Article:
Exchange-Traded Funds (ETFs)

ETF tax treatment is often very confusing, but we can help.

ETFs are all the rage in the financial markets. Large institutions create them for profit, portfolio managers use them for “risk on” and “risk off” trades, and retail traders and investors are attracted to their low cost and ease of use when trading. Many different structures are used, and tax treatment can be very confusing to some — but not us. Instead of shorting stocks or an ETF, traders can buy an inverse ETF.

Securities ETFs

Securities ETFs usually are regulated investment companies (RICs). Like mutual fund RICs, securities ETFs pass through their underlying ordinary and qualifying dividends to investors. Selling a securities ETF is deemed a sale of a security, calling for short- and long-term capital gains tax treatment using the realization method.

Commodities/futures ETFs

Regulators do not permit commodities/futures ETFs to use the RIC structure, so usually they are structured as publicly traded partnerships (PTPs). Commodities/futures ETFs issue annual Schedule K-1s passing through their underlying Section 1256 tax treatment to investors, as well as other taxable items. Selling a commodities ETF is deemed a sale of a security and calls for short- and long-term capital gains tax treatment using the realization method.

Taxpayers invested in commodities/futures ETFs may need to make some cost-basis adjustments on Form 8949 to capital gains and losses, ensuring they don’t double count some of the Schedule K-1 pass-through items. For example, if the K-1 passes through income, that income will need to be added to the cost basis on Form 8949. Otherwise, it will be double counted and thus will cause an overstatement of tax liability. Form 1099-Bs and trade accounting solutions do not automatically make these cost-basis adjustments from K-1 income/loss, so be sure to make the adjustments manually on Form 8949.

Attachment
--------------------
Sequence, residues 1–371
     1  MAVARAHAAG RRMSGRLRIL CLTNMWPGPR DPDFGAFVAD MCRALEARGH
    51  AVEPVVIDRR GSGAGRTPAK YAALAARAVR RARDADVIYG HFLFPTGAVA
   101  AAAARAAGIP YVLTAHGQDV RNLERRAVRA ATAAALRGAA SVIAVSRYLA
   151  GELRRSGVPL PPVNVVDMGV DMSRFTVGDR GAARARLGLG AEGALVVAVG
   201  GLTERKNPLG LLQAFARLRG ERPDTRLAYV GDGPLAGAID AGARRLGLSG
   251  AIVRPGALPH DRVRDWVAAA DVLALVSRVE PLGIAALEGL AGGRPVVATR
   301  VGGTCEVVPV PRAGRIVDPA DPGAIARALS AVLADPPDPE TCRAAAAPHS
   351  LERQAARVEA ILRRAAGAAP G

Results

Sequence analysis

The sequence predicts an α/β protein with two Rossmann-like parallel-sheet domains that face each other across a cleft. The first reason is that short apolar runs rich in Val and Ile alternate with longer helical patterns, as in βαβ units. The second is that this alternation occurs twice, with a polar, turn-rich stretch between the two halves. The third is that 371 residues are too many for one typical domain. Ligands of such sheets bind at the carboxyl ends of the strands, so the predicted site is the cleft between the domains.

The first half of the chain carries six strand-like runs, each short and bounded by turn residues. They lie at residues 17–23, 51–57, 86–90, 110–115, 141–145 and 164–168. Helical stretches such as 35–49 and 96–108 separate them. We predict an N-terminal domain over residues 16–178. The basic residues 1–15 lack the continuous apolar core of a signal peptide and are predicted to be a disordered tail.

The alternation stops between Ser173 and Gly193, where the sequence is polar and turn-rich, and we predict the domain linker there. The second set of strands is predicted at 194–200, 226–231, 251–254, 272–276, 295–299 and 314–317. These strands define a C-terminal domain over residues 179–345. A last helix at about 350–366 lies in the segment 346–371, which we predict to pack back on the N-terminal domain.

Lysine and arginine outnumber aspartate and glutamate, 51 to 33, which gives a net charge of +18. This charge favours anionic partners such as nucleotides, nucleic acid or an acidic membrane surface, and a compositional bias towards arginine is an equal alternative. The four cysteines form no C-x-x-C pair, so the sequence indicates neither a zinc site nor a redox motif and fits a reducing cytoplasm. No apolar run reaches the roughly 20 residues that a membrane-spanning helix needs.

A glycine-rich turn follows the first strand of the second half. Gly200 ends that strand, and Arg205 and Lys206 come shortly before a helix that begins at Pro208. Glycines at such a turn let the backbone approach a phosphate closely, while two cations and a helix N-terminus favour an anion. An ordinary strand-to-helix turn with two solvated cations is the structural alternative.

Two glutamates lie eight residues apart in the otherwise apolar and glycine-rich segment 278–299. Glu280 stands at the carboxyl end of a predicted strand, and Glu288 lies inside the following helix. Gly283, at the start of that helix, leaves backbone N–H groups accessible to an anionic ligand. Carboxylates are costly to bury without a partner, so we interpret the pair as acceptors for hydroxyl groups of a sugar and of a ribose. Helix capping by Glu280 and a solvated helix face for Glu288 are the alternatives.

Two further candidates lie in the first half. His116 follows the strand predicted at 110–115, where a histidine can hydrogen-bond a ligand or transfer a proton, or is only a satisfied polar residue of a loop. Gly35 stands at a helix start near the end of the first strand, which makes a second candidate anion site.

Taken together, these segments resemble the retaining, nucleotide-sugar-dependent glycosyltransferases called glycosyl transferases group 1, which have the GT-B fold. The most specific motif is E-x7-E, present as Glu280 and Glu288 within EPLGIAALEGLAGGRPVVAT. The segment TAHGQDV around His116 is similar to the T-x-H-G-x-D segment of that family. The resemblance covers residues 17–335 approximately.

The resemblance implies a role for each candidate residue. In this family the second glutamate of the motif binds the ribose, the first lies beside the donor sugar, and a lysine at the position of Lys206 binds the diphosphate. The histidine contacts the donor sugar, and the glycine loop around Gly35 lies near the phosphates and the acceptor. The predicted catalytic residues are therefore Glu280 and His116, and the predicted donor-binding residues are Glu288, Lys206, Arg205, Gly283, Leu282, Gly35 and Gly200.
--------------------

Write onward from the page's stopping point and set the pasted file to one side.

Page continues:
Physically backed precious metals ETFs

These ETFs may not use the RIC structure either. Although they could use the PTP structure, they usually choose the publicly traded trust (PTT) structure (also known as a grantor trust). A PTT issues an annual Schedule K-1, passing through tax treatment to the investor, which in this case is the “collectibles” rate on sales of physically backed precious metals (such as gold bullion). Selling a precious metal ETF is deemed a sale of a precious metal, which is a collectible. If collectibles are held over one year (long-term), sales are taxed at the “collectibles” tax rate — the taxpayer’s ordinary rate capped at 28%. That rate is higher than the top long-term capital gains rate of 20% (2018 and 2019). Short-term capital gains are taxed at the ordinary rate. Precious metals and ETFs backed by precious metals are not securities, so they are not subject to wash-sale loss adjustments, or Section 475 ordinary gain or loss treatment.

Options on ETFs

The IRS hasn’t clearly stated tax treatment on sales of options based on ETFs. Our position is that options on securities ETFs that are organized as RICs are treated as securities, and options on commodities ETFs structured as PTPs are Section 1256 contracts. Options on precious metals ETFs (i.e., GLD) are likely Section 1256 contracts because they are non-equity options trading on a CFTC-qualified board of exchange.

Excerpt from Green’s 2019 Trader Tax Guide

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